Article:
• Separate the brand from the occasional value meal inspiration.  Sure everyone appreciates getting the best value for the lowest price, but it’s difficult if not impossible to deliver differential value messages within the same location as in the value meal combination vs. purchasing off the dollar menu. Turn your attention to differentiate your value relative to your competitors at similar price points.
  • The strengths that prove appealing to shareholders don’t indicate your understanding of individual customers.  Declining customer counts along with infrequency of return visits suggests the absence of resonating experiences necessary to meet the demands of the increasing segmentation within your broader competitive category. How can you continue to benefit from your existing strengths? Pare down your menu further to deliver the essentials of what your core customers want, assuming you really understand who that is.  Once you do, use a loyalty program to reward them and keep closer tabs on their responses as you continue to test.
  • If increasing customer price points is key to your growth equation then you also need to offer higher value for the price in order to avoid losing the core brand identity.  Obviously in rural areas where the choices are fewer, you retain a firm grip on the market and can delay changes. Unless the $1 menu, or $1 menu plus offers acceptable margins you may need to find alternatives to pass your volume discounts on to consumers.
  • Separate supply and demand functions as you manage the business going forward.  The benefits from your superb asset management capabilities on real estate, currency risk and supply chain have been impeccable and thus puzzling to watch your miss on the demand side. Are there lessons in creativity and management that could prove helpful?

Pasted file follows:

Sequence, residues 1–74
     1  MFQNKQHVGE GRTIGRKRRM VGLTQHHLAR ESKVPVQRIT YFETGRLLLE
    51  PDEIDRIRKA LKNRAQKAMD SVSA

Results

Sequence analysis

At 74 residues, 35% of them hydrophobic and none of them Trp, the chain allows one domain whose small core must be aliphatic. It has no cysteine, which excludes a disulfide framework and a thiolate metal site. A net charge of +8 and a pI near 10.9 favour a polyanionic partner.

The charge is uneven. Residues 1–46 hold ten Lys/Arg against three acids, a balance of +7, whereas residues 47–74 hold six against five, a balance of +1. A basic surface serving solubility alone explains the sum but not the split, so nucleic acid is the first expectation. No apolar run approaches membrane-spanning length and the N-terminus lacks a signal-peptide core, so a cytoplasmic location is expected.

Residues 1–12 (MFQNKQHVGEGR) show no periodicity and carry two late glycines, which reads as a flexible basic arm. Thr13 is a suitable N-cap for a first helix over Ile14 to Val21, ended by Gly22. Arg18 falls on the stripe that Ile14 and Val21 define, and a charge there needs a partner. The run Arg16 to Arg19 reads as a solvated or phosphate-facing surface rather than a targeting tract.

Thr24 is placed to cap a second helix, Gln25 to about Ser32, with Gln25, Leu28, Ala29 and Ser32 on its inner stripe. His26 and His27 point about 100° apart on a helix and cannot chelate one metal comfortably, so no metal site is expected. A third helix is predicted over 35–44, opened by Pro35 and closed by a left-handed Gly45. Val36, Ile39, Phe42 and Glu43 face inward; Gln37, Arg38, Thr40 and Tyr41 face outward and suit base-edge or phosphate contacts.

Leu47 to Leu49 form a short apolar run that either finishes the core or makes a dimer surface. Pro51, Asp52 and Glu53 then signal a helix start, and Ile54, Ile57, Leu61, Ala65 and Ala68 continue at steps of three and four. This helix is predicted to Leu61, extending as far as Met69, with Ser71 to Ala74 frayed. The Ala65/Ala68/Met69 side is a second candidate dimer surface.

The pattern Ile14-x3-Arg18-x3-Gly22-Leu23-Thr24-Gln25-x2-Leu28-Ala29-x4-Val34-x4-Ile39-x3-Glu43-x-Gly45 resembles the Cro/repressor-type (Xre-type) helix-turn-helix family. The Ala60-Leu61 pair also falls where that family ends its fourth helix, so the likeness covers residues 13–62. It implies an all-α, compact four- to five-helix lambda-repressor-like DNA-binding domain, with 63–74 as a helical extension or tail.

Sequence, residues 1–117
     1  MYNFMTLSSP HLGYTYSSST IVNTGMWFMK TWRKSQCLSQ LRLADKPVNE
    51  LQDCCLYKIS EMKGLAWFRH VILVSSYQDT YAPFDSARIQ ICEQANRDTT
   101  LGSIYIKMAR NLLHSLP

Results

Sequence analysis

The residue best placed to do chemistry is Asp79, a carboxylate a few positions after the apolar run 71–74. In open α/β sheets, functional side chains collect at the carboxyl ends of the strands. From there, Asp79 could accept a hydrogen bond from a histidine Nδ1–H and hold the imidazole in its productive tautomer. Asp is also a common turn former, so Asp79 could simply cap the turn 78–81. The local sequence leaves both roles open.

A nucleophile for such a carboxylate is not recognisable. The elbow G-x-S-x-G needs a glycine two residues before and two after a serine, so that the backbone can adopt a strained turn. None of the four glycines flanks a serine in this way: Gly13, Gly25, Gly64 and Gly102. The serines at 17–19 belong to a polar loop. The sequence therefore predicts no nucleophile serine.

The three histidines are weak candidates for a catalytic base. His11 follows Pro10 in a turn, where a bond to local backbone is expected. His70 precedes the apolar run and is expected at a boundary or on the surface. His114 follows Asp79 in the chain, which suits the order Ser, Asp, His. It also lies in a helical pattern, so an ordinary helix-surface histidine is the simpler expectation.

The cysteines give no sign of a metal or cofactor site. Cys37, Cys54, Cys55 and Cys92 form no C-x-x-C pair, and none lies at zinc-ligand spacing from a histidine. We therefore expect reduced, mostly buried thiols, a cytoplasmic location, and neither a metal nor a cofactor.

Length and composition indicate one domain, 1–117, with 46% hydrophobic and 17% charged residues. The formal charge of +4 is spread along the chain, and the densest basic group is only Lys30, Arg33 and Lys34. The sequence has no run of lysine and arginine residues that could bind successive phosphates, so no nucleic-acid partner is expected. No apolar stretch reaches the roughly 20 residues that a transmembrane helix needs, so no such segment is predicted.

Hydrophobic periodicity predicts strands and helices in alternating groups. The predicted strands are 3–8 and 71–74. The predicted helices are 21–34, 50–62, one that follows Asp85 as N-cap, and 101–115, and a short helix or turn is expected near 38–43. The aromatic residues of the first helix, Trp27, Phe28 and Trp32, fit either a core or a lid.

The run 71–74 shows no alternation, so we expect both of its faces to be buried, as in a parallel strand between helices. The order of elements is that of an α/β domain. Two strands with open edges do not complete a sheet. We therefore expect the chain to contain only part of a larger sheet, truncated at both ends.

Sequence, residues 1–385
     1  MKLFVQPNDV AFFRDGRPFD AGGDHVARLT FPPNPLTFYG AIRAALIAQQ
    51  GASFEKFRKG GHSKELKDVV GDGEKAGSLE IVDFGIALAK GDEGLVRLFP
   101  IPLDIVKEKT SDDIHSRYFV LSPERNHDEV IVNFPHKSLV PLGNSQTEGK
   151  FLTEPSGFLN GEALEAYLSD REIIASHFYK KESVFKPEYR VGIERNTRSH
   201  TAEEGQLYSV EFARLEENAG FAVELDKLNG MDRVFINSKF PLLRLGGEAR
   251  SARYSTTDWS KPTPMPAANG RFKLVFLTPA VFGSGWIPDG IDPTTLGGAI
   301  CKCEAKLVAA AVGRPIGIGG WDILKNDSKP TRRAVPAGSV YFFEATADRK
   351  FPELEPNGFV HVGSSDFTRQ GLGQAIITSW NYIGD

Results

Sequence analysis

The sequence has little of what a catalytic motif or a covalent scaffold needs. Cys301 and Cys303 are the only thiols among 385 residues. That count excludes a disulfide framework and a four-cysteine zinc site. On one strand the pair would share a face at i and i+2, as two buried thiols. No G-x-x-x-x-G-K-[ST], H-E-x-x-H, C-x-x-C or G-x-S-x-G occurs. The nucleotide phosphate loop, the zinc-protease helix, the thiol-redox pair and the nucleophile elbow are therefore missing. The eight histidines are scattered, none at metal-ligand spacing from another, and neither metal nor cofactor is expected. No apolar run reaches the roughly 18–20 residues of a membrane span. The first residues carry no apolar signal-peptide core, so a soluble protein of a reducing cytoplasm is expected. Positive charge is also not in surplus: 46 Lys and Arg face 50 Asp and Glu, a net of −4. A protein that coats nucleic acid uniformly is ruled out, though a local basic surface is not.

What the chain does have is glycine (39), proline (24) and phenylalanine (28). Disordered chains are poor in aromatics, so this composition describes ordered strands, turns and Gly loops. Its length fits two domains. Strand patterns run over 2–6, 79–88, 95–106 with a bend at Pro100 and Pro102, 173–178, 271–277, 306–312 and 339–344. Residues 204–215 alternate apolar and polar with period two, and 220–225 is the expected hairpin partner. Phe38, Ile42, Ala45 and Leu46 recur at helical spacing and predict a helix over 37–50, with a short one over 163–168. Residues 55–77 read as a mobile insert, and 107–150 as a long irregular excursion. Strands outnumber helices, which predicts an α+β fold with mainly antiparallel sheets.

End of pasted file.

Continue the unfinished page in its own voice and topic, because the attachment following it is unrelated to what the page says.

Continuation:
• The proliferation of segmentation in the marketplace let alone in your customer base requires a more innovative approach than mere brand building activities offer. In focusing on the customer experience you may miss aligning around your core identity. Another reason it may pay to try an alternative diversification strategy through new restaurants, concepts that don’t compromise but complement the existing franchise.
  • One of the problems of being so big and maintaining a healthy distance from your nearest competitor means you were insulated from the small ripples of changing sentiment that others were quicker to seize upon.  Your crumbs became their meal and growth ticket.  In order to get out front again, you may need to get much closer to your customers, and surprise them, delight them or even choose to get cozier with your competitors again to find a way to grow the category together.

Concluding remarks:  We know we didn’t discuss Big Data or social media or even mobile so there’s plenty of things we missed in 90 minutes. Please, share your suggestions or comments on what you find to be effective growth strategies for market leaders who seem to have hit the end of their runway.  We’d love to hear from you.

Mobile Strategy–an imperative for your future

Note to readers: The graphic to the left was found After the  October 18, 2013 discussion, inspired by articles listed at the bottom of this post.   

Does your near term performance hinge on your understanding of mobile  technology, and if so, how critical a role does it play?

Infographic-2013-Mobile-Growth-Statistics-MediumToday mobile platform adoption rates outpace the technology’s downward pricing.  The dual benefits of convenience and constant connectivity offer irresistible value and overwhelm the initial cost bumps associated with implementation.  It’s not merely the anytime anywhere connectivity with your social network that makes mobile valuable. Mobile technologies offers direct access to increasing varieties of information at the tip of your finger anytime and every where (if there’s wifi).